Separated identical twins ride an Orient Express unaware of each other: a feminist anarchist and a hedonistic courtesan, living under the powder-keg Austro-Hungarian Monarchy. Separate ... See full summary »
Set during the fading glory of the Austro-Hungarian empire, the film tells of the rise and fall of Alfred Redl (Brandauer), an ambitious young officer who proceeds up the ladder to become ... See full summary »
Klaus Maria Brandauer,
Hans Christian Blech,
A German stage actor finds unexpected success and mixed blessings in the popularity of his performance in a Faustian play as the Nazis take power in pre-WWII Germany. As his associates and ... See full summary »
Klaus Maria Brandauer,
The story shows Emma's and Böbe's fight for survival, for keeping their position in society which they achieved with hard work in the previous regime. They don't want to lose their place and become village girls again.
Johanna ter Steege,
In December 1975 I saw this film, together with two of South Africa's leading actors, in Paris. A Hungarian film with French subtitles! A great deal of the nuance of dialogue therefore escaped me. Yet, the mastery was unmistakable. This was my first trip to Europe (unlike my friends with whom I teamed up in Paris and who had been around several times before.) I had just experienced Pier Poalo Passolini's Oedipe Re in Zurich and a Mauro Bolognini film, Per le Antiche Scale (Down The Ancient Staircase) in Milan. Great stuff.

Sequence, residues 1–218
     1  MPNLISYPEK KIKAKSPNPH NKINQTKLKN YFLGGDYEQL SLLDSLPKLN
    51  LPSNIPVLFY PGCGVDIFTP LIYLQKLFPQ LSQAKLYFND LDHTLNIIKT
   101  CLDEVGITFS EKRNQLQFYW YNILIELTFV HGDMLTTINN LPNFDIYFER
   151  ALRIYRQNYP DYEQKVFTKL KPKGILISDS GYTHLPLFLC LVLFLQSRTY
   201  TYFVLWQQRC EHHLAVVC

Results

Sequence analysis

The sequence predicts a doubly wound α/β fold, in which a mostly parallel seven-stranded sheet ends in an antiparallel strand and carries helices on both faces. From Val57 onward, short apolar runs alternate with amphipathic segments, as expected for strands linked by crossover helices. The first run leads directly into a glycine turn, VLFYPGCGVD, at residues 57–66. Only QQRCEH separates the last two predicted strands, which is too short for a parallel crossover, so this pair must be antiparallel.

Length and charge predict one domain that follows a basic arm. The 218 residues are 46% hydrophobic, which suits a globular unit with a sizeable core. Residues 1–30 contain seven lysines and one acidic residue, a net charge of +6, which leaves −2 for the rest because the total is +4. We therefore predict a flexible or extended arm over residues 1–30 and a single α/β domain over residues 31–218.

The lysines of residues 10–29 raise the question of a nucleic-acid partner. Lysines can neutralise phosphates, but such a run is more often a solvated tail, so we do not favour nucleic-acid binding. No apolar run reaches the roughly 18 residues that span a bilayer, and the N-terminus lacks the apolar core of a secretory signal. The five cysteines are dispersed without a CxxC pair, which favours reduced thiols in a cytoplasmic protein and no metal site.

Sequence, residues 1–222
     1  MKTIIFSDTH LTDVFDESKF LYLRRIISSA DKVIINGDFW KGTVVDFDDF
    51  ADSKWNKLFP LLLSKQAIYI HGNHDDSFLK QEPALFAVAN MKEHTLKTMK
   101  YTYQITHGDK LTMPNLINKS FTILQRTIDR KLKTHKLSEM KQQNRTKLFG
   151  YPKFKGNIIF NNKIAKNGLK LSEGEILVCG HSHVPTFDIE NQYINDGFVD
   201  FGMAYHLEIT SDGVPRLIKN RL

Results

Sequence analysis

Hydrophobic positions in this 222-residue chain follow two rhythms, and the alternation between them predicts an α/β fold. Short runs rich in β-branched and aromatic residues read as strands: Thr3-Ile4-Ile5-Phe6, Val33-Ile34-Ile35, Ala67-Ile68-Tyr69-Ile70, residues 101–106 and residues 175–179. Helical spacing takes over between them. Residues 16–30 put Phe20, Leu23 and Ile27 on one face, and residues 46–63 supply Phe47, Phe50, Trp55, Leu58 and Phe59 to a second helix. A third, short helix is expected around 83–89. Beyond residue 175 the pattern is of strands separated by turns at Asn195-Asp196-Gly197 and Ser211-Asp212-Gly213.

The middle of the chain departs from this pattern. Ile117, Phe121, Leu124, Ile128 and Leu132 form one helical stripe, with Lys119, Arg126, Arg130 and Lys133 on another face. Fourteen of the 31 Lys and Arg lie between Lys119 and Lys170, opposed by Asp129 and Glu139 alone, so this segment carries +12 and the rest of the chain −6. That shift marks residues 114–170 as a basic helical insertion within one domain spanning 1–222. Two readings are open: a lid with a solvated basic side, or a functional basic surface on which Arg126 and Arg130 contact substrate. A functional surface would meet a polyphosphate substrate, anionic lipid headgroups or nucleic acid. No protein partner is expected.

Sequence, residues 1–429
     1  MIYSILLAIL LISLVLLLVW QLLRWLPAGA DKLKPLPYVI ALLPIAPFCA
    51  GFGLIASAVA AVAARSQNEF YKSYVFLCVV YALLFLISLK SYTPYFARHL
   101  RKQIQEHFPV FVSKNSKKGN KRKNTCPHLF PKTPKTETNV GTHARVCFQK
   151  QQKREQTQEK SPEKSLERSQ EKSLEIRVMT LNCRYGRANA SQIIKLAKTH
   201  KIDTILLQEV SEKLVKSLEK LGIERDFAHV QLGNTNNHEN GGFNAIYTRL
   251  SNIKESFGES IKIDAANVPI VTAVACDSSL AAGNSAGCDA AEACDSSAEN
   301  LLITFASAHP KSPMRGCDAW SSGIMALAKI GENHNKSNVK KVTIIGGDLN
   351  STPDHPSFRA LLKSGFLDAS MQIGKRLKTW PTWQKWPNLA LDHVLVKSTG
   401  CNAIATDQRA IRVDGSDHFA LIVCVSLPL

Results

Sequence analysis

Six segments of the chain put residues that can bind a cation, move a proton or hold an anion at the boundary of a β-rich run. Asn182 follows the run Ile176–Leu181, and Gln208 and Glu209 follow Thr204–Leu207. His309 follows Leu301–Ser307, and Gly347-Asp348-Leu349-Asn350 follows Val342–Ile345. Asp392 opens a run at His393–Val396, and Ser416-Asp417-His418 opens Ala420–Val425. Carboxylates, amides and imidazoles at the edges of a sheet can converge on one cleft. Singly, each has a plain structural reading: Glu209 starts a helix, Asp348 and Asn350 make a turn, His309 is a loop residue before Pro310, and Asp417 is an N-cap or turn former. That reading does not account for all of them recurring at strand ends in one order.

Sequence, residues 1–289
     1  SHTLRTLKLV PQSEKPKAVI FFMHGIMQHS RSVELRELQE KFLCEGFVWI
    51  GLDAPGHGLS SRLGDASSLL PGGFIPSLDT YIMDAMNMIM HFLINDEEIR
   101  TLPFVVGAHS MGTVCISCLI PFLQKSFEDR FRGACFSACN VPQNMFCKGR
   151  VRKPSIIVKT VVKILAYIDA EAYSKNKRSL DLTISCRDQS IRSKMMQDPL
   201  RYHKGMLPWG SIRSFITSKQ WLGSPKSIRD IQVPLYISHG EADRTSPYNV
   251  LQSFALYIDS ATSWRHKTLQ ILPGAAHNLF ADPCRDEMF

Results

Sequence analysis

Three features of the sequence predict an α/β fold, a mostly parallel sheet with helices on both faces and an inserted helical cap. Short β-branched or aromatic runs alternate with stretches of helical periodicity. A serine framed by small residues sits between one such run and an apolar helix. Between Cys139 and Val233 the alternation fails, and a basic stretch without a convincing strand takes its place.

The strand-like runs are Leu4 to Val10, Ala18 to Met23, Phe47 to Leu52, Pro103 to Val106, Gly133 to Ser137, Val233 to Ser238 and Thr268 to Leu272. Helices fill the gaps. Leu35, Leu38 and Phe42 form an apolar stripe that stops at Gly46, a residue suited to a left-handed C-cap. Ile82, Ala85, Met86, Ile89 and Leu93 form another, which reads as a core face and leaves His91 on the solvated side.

But Jancso's Elektreia (or Electra, my Love) just begged for another viewing and I expressed the wish that the film would be showing in London (our next stop.) Lo and behold! It was on in London with English subtitles. After two more visits I realised I will never get enough of the film. It is a classic,modern in its portrayal and ageless in its storytelling. It defies description, because it is dance drama, classic theatre, melodrama and modern politics all wrapped into one. The pain it brings the viewer is frightening. It is one of those films where every shot is a painting that belongs in a gallery, without the camera work becoming pretentious. And the acting is brilliant. Thank you master Jancso! This is available on DVD and although perhaps not Jancso's greatest work, a must for the collector of serious cinema.
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